Jeremy Preacher's Reviews > For Love of Evil

For Love of Evil by Piers Anthony
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Jun 28, 12

bookshelves: fantasy

There was a fashion in the late 80s for fantasy authors, especially those published by Lester Del Ray, to write novels that recapped the series up til that point from the perspective of a different character. These days I find it a cynically commercial practice at best, but I was a total sucker for them when I was a kid. Rereading For Love of Evil, I find... I kind of still am.

The first two thirds of the book is original material about Parry, a 13th century sorcerer who does the Pygmalion thing on a peasant girl to get himself a perfect wife and loses her to the Albigensian crusade (in a scene, incidentally, that puzzled me for years with its offhand description of rape-ready bondage. I still don't think it would work as described.) He then becomes a monk, founds the Inquisition, foils Lucifer a number of times, and then falls to temptation in the form of first his ghostly wife in a willing and nubile body, and then the demoness Lilith. And then he defeats Lucifer and in doing so becomes his successor, Satan.

So. That happens. It's actually the least appallingly sexist book of the three I've reread, despite the ridiculous amount of sex. Partly this is because the time period makes things like arranged marriages marginally more palatable, partly because to make Parry ultimately sympathetic, he has to be an extra-good guy, and partly because the foes are the medieval Catholic church and/or Inquisition, against whom almost everyone looks liberal.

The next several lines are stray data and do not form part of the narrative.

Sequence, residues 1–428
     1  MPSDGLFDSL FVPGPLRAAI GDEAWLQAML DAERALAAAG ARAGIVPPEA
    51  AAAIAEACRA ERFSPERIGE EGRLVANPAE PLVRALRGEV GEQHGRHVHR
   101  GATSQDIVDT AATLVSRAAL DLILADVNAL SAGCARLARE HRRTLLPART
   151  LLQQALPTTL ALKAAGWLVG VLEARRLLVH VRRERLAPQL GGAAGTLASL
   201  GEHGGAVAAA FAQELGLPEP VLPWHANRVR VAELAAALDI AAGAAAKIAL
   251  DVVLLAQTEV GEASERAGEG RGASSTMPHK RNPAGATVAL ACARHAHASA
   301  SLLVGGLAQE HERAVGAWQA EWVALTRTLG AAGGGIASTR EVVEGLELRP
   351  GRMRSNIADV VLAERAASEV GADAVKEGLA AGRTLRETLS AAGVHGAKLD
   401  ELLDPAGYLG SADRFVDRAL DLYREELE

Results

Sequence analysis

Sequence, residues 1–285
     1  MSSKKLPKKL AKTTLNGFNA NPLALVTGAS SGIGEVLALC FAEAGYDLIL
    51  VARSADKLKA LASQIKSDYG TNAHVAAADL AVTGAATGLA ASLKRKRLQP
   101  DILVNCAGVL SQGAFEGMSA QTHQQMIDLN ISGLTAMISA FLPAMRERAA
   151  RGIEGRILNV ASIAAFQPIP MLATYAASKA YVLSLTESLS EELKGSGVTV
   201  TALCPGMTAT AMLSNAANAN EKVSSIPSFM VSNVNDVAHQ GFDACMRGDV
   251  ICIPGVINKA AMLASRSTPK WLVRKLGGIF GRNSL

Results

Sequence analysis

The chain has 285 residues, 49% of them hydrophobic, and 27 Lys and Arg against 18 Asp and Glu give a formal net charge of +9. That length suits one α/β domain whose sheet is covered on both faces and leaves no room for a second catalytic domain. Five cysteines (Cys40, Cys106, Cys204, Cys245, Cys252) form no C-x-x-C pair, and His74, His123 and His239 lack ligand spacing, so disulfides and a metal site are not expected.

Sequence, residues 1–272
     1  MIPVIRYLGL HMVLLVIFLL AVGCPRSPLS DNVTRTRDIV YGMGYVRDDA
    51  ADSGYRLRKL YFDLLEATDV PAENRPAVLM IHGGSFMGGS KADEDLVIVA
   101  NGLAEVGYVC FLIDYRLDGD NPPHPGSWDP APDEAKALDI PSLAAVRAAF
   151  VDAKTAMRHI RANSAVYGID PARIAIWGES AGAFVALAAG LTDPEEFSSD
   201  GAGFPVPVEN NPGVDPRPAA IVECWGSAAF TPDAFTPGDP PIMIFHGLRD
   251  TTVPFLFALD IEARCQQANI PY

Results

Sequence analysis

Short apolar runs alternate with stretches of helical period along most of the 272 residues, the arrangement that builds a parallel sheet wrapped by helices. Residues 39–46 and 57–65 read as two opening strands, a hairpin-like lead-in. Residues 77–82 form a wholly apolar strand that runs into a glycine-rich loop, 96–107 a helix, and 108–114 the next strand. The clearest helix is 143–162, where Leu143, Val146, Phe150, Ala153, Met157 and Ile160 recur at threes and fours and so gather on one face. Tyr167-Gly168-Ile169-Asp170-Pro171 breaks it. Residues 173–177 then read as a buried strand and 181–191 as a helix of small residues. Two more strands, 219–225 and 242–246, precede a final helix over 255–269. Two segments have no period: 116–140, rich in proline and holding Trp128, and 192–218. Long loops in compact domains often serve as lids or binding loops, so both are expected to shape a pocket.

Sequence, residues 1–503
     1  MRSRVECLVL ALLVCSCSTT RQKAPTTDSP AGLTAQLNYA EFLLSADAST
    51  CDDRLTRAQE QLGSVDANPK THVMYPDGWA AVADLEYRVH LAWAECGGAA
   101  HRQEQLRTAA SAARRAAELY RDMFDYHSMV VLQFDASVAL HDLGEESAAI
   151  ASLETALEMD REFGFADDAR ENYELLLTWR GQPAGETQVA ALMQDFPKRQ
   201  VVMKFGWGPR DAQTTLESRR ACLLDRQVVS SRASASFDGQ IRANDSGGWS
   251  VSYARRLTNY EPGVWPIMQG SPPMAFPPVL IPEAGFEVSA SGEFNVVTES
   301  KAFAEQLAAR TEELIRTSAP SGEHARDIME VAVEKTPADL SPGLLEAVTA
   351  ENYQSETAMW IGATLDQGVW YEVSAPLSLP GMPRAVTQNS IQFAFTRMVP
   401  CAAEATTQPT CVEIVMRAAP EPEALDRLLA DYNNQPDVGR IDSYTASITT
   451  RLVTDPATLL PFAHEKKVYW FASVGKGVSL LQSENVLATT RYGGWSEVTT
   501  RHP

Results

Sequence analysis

The last third of the book is the aforementioned recap section, where Parry describes his conflicts with the other Incarnations from his point of view. This is handy because the ones he focuses on are Fate and Nature, which always saved me from reading Anthony's unbearable attempts to write female protagonists. This section is chock-full of male-gaze ick, but Parry remains a sympathetic character as he struggles to understand his role as the devil while still being a fundamentally good, compassionate person. (In a series of minor scenes, he befriends the god of the Jews and arranges for the Holocaust to unhappen.) He also approaches God (the prime Incarnation of Good, the Christian god, which is finally justified by explaining that He has the most followers) and discovers that he is locked in narcissistic contemplation and basically out of action. This sets up the final book in the series...

...Which I am not reading. It contains, as I recall, a new female protagonist, Parry's ghostly ex-wife, and an urban prostitute of color. It goes about as well as you'd expect it to.

Really, this is the only book in the series that holds up at all. I'm not sure why it does, to be honest. Despite my crack about Del Rey above, the last two books in the series were published by Avon - perhaps the new editor filtered out the worst of it. It's still not really worth keeping around, but I am somewhat relieved that my 12-year-old self wasn't a complete moron.
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